Sharif said, “In faith and spirituality when there are disagreements there’s a barrier that can come from I-feel-it’s- this-way and you-feel-it’s-that-way and there’s no reconciliation.

We’re not trying to create a sense of hierarchy of one being better than the other. At the same time, if either one of us felt the other’s path was THE path, we would have been on it. So, in as much as we agree with the other, we have to acknowledge each of us thinks we’re right.”

“In situations where Sharif thinks he’s right, I still have to respect him to the core as being a peaceful person,” she said.

They try emphasizing those things they are of one accord on.

“We are connected purposefully and spiritually and aligned in so many ways, so it’s a challenge trying to walk through the things we may see differently,” Sharif said. “Our ideologies are very similar in terms of how we treat one another, the belief in one god and in a creator, the understanding that your actions need to reflect what you believe, the sense of having purpose and being created intentionally, having strong moral values and the way you carry yourself as vital.”

Gabrielle said she believes she and Sharif are ordained “to journey together to do the things that make this place better,” adding, “We strengthen community, we strengthen our children and family and we’re role models for people to see that oh, yes, you can get beyond differences.”

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©photo by Devra Kaplan

 

 

It hasn’t always been easy.

“For many years she wasn’t sure how I would take it if she was using Jesus a lot,” Sharif said. “I wasn’t sure how she would take different things – like greeting someone with ‘as-salamu alayka’ or s’alamun alaykum’ (peace and blessings or complimenting someone with ‘alhumdulillah’ (all praises be to god). Or praying-reading from the Koran before eating. Or using Allah for God. Those are Arabic words for English words commonly agreed upon and used in the house.

“We sometimes would self-dictate what made the other person feel uncomfortable. But then as we started to explore and grow,

especially in terminology, she used Yah as the one creator and I used Allah. We came to an understanding that when we say that we’re not saying it be contentious, rather we’re saying the same thing in two different ways. We don’t see them as counter or correction.”

As much as he or she might want the other to follow their beliefs, neither takes offense at their choosing not to.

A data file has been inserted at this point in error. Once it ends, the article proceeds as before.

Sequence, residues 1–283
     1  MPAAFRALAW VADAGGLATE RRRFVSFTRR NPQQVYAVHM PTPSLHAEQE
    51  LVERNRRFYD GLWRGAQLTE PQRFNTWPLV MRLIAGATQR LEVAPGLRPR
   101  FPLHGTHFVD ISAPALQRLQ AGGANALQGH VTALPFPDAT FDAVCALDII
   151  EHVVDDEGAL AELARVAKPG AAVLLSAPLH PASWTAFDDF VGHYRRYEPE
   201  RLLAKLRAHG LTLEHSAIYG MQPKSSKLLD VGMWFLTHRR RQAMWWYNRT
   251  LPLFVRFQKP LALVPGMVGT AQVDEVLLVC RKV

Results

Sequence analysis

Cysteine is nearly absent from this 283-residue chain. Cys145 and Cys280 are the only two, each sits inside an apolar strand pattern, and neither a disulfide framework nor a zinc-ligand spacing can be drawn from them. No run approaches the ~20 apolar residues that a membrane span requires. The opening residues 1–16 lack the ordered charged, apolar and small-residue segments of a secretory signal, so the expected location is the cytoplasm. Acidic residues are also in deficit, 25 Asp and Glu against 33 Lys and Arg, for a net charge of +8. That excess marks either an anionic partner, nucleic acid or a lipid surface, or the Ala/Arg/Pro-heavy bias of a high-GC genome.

She said she doesn’t accept Prophet Mohammed as “the final messenger Jesus said was to come after him –I feel like Jesus was talking about the spirit of truth and great comforter that would never leave us alone and would guide us without us having to follow a man and what the man said. I feel that deep in my soul and, yes, I would like my husband to feel that.”

She takes issue with the inequity Muslim women face. There are things about Christianity he finds difficult.

Each felt pressure to bring up they’re kids in a certain faith.

“There was a lot of recruiting by our parents wanting to make sure they grew up in the faith tradition they believed,” Sharif said. “We exposed them very intentionally and unashamedly to our faith. It was no secret Christian faith was on one side of the family and Islamic faith on the other side.”

He said he and Gabrielle left it open for their kids to identify as they saw fit. “Our kids grew to be examiners of information. The same way they took everything, they absorbed and created their own paths.” At various times, he said, they identified as “Muslim-Christian, neither-both, half Muslim and half Christian.”

In 2015 the couple’s middle child, Zaiid, was killed in an auto accident and the loss set them on a new path seeking answers.

“The passing of our son had us exploring an element of our faith we didn’t have many occasions to discuss (before),” Sharif said. “We found commonalities in the way we saw things and we talked through differences. Everything from wording to where Zaiid is now – physical presence versus spiritual presence – to where we originate from as human beings to where we come after we die. We share the philosophy that we are souls with a body, not bodies that have souls. Our bodies are vessels we carry until we return to our creator.”

The couple doesn’t allow any divergence to supersede their relationship.

“The harmony we want is because of our love – our love being bigger than him having a different religion than my spiritual way.

It’s love above all,” Gabrielle said.

They are secure enough that they can broach awkward disagreements without fear of rejection or resentment or rupture.